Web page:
The spontaneous mouse grey-lethal (gl) mutation is responsible for a coat color defect and for the development of the most severe autosomal recessive form of osteopetrosis. Using a positional cloning approach, we have mapped and isolated the gl locus from a ∼1.5 cM genetic interval. The gl locus was identified in a bacterial artificial chromosome (BAC) contig by functional genetic complementation in transgenic mice. Genomic sequence analysis revealed that the gl mutation is a deletion resulting in complete loss of function. The unique ∼3 kb wild-type transcript is expressed primarily in osteoclasts and melanocytes as well as in brain, kidney, thymus and spleen. The gl gene is predicted to encode a 338–amino acid type I transmembrane protein that localizes to the intracellular compartment. Mutation in the human GL gene leads to severe recessive osteopetrosis. Our studies show that mouse Gl protein function is absolutely required for osteoclast and melanocyte maturation and function.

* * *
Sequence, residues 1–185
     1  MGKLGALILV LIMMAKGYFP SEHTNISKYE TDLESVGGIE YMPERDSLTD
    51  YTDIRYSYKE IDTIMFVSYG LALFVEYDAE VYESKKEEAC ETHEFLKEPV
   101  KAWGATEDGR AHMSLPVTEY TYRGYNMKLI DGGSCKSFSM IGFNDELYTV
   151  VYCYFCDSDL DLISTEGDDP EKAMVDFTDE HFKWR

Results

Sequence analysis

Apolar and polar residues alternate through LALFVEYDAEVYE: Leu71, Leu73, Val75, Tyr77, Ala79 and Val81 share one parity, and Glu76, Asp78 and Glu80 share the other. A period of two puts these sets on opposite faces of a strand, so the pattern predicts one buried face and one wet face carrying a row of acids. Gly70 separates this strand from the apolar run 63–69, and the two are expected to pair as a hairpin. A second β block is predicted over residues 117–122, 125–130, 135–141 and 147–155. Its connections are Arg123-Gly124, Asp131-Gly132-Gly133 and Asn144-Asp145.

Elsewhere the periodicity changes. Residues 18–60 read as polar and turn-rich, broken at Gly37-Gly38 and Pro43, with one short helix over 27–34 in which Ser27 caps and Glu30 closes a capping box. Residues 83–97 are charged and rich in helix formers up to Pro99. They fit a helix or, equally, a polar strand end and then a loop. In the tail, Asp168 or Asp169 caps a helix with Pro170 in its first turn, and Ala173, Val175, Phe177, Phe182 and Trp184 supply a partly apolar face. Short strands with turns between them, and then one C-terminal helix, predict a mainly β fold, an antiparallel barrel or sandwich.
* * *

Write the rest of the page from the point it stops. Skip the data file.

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The authors thank R. McInnes and J. Horsford for melan-a cells; S. Breton for V-ATPase antibodies; D. Bennett for discussion; D. Lohnes and R. Baron for critical reading of the manuscript; U. Ramenghi and families for their participation; J. Marcinkiewicz for advice; and H. Bernard for technical assistance. M.F. has a studentship from the Fonds pour la Formation de Chercheurs et d'Aide à la Recherche (FCAR). This work was supported by a grant from the Canadian Institutes of Health Research and by Hoechst Marion Roussel grant no. R97047 to J.V., partially supported by grant MIUR-FIRB #RBNE019J9W, and is manuscript #71 of the Genoma2000/ITB Project funded by Fondazione Cariplo.
The authors declare no competing financial interests.
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